Planning your New Year’s resolutions? These health-focused objectives are often a list of things not to do.

No sugar.
Stop staying up late.
Eat less.

Look familiar? This year, rather than telling yourself what you aren’t going to do anymore, resolve to get more for your health with positive framing. We’re thinking about joyful things we can add to our lives rather than things we can take away. Creating this perspective of opportunity isn’t just important for our self care — it’s proven to make these habits long-lasting so your New Year’s resolutions can stick for good.

Here are the five things we want more of in 2018:

Drink More Water

One of the most common ways we neglect our health is by not drinking enough water. Rather than making 2018 the year of drinking less caffeine, make it the year that you drink more water. It may seem like a small goal, but staying hydrated can have a major impact on your overall health, from more energy to better skin to increased productivity. You’ll naturally have a more healthful baseline, and will be less inclined to overdo it on the java.

Get More Sleep

We’re big proponents of sleep health here at Rugg Wellness. We’ve talked about the importance of a good night’s sleep and not letting the weekend mess with our circadian rhythm. But it’s so important that we’re here to remind you once again: Get more sleep! I know firsthand how challenging it can be to get decent shut-eye when you have a busy schedule. More often than not, it seems as if there aren’t enough hours in the day. Despite our schedules sometimes feeling out of our control, taking an active role in your rest is the first step towards better sleep health. Practice healthy sleep habits by “logging off” and starting a screen-free nightly routine well before you plan on hitting the hay. This winding down makes it easier for you to fall asleep at the right time, and in the long run, will lead to a more efficient and healthy sleep schedule.

Eat More (of the Right Foods!)

We aren’t here to tell you not to eat a certain food. For us, it’s all about balance and moderation. Stressing over what we’re eating — especially over the holidays — can backfire and build an unhealthy relationship with food. Rather than thinking of our 2018 cookbook as a list what to avoid, we’re thinking of how to best maintain a balanced diet and enjoy the bounty of nutrients available to us. A diet rich in minimally-processed whole foods, made up of portions that correspond to your appetite and hunger cues, will be a more sustainable lifestyle with inherently healthy habits.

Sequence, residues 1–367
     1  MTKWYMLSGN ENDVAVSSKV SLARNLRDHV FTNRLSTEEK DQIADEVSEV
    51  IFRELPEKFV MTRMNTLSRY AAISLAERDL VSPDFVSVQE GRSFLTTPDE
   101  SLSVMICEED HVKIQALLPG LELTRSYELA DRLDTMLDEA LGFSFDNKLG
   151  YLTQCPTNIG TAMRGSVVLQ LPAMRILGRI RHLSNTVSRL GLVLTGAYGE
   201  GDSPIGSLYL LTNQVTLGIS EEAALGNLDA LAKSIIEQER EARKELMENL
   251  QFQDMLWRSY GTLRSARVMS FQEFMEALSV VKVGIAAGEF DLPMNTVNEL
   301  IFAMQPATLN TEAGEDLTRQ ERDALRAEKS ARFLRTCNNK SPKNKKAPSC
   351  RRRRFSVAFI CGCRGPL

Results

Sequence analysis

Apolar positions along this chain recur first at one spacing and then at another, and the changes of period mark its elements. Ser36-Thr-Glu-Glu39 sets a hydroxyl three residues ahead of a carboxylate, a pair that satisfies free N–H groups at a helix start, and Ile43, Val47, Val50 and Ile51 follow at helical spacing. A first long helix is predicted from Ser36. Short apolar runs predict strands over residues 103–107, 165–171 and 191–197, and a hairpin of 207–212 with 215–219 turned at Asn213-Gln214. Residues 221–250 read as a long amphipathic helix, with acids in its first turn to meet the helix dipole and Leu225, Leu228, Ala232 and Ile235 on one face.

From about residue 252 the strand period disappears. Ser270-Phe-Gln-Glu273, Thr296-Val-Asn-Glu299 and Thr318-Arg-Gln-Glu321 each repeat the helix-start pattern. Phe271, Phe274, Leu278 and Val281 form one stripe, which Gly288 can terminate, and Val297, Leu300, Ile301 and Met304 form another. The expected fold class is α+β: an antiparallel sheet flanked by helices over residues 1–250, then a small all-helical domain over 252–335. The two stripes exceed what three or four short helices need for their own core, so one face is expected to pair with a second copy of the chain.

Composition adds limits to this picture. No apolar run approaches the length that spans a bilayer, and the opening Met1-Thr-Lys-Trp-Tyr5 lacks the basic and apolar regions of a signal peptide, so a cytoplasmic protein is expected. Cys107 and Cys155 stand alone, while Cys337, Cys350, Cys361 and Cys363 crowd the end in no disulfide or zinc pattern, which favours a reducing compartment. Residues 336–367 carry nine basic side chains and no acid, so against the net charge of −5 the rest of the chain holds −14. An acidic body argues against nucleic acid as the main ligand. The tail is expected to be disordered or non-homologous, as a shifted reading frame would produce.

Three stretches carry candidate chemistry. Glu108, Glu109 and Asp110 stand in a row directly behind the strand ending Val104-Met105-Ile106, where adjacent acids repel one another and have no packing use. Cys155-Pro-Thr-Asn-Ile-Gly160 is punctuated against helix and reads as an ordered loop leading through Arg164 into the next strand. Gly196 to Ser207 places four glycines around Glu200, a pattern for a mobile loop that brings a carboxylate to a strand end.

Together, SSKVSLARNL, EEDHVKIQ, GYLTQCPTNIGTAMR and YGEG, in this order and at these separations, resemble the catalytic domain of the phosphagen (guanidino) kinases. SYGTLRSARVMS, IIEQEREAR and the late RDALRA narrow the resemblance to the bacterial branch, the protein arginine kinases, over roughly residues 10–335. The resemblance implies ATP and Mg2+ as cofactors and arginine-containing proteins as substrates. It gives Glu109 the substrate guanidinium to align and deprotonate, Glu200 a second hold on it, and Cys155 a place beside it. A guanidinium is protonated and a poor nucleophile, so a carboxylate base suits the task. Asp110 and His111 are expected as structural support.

Be More Active

It’s no secret that being more active comes with major benefits like healthier brains and better digestion, but sometimes we stay sedentary because we think of exercise with an “all or nothing” mindset, and more often than not, this results in nothing. Instead of deciding to either go to the gym and work out for an hour or stay home and do nothing, schedule short activities to make sure you get a little activity even on your busiest days. You can do simple exercises and stretches in quick five minute intervals. The key is finding things you enjoy and will be more likely to continue doing! Most importantly, incorporating movement into your everyday routine will help build better habits and make it easier to create a healthy lifestyle with longevity.

Be More Informed of Your Overall Health

If we’re making resolutions that center around our health, it’s important to know where we stand, and that means a getting comprehensive medical evaluation. The start of the new year is a great time to focus on our health, but we should be consulting with a medical professional before taking on new nutritional practices or activities, especially if you or your family have a history of health issues. It will help prevent issues down the road and ensure you’re charting the right wellness course for your future.


What are your New Year’s resolutions? Leave a comment with your 2018 goals!

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Peter W. Rugg, MD, FACEP is an Amherst College-trained neuroscientist specializing in human neurophysiology and a University of Massachusetts Medical School-trained MD specializing in Functional Medicine. He is Board Certified in Internal Medicine and in Emergency Medicine, and together with his wife, Patti, he co-founded Rugg Wellness, PC, Functional Medicine and Integrative Nutrition Health Coach Practice.